Help Desk has been around since 1996, making it one of the first web comics out there. The comic is a thinly veiled parody of Microsoft’s corporate help desk, with an evil overlord know as “The Boss” who is some kind of evil uber-dark lord. Alex is the main character, who is one of the senior help desk techs. He spends most of his time coming up with creative ways to support the un-supportable software produced by his company. Oh, and you’ll quickly notice that artistic eye candy is not part of the enjoyment here, it’s a cut-n-paste type of comic, with the author occasionally being forced to draw new things as the story demands. As of late, not frequently updated owing to life on the author’s part.
- Two Lumps – J. Grant & Mel Hynes
Okay, now we get to my more recent acquisitions – that being, within the last two years recent. “Two Lumps: is about two cats, based on t he author’s two cats. It’s not really well drawn but the humor is funny enough to make up for that, especially if you know cats.
- XKCD – Randall Monroe
Audience: University level Geeks, helps to know some of the big names in computers as well
I admit – I was late to the phenom known as “XKCD” I think the best way to explain it is as “Farside, the Math Generation”. A word about the drawing. Okay, several words. It’s mostly stick figures. The thing of it is, if you bother to go back to the beginning, you will see that the author can draw, he just chooses (usually) to draw stick figures instead. Verrry funny stick figures. And sometimes philosophical.
- Candi – Starline X Hodge
Audience: Anyone – Warning: contains soap-opera elements (YOU HAVE BEEN WARNED!)
I don’t know why I keep reading this. Sure, it has some good jokes every once in a while. Sure, it is well drawn. But it’s a college – aged SOAP OPERA for gohds sake. Although, the flying ferret and the squirrel Mafia are cool though…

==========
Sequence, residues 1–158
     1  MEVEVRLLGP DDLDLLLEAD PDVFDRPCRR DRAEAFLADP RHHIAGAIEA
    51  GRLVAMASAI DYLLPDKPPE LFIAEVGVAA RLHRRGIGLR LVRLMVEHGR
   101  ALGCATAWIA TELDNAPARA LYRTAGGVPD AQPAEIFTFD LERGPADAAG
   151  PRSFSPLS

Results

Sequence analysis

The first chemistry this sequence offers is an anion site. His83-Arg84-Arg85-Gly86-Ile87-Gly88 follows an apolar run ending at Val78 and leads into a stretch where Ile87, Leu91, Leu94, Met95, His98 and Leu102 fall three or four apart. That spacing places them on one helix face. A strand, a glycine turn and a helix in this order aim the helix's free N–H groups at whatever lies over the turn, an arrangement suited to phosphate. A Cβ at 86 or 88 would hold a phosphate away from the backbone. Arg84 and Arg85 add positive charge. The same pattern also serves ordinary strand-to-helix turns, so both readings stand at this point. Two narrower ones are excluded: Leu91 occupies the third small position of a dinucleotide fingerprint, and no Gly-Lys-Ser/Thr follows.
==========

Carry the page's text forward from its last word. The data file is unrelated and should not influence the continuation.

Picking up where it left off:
- Menage a 3 – Giz leLagace & Dave Zero
Audience: PG-13 – NSW – Occasional nudity and situations. Other than that, anyone 😉
This is a pretty new comic that I haven’t totally made up my mind on. When I say “NSW” I’m talking some bare breast and ass drawing, so, work surfers be warned. It’s a sexy adult story line too, so if story lines involving sexual situations offend you, move on. So far it’s a mix of sexy and funny – to be seen if it keeps up the quality past the one year mark in May.
- Daisy Owl – Ben Driscoll
I’ve just added this one to my daily reading list. Now I’m hoping it will actually start update again, having started in July with regular updates and having petered down to nothing just as I discovered it via Digg. I’m hoping it’s just an Xmas hiatus, ‘cuz these are really good. It reminds me of Calvin and Hobbes, also a bit like Bloom County, but more child-like quality. We have an Owl, raising two adopted (of course) children, visited by his friend, Steve the Bear. Anyways, the current comic with Steve the Bear is really good, and I like the one with the Owl Parenting Guide, and this philosophically funny piece.
Speaking of comics that don’t update, “Waiting for Bob” is worth a read. Dead since 2002, but so worth going through from front to back. At least they left the archives up, unlike “Helen, Sweetheart of the Internet” which made the mistake of selling out to Tribune, which dumped the comic, and it’s archives when things didn’t work out.
So, that is my list. I hope you find something there worth a funny to ‘yas – if not, well there are a zillion other web comics out there as well.
Geez, we’re still following more or less the same lists. I might pick up Two Lumps, actually.
The only two on my daily hit that you didn’t mention was Rich Burlew’s Order of the Stick (I don’t feel brave enough to attempt url’s) http://www.giantitp.com/comics/oots.html and Bill Holbrook’s Kevin and Kell (www.kevinandkell.com)
And, of course, I’ll have eternal good thoughts for Sexy Losers and Ghastly’s Ghastly Comic, but we don’t mention that around the kids. 😉
Make it easy for the numbskulls.
I’m gathering WordPress is smart enough to turn a valid url into a link? Let’s test: http://www.kevinandkell.com/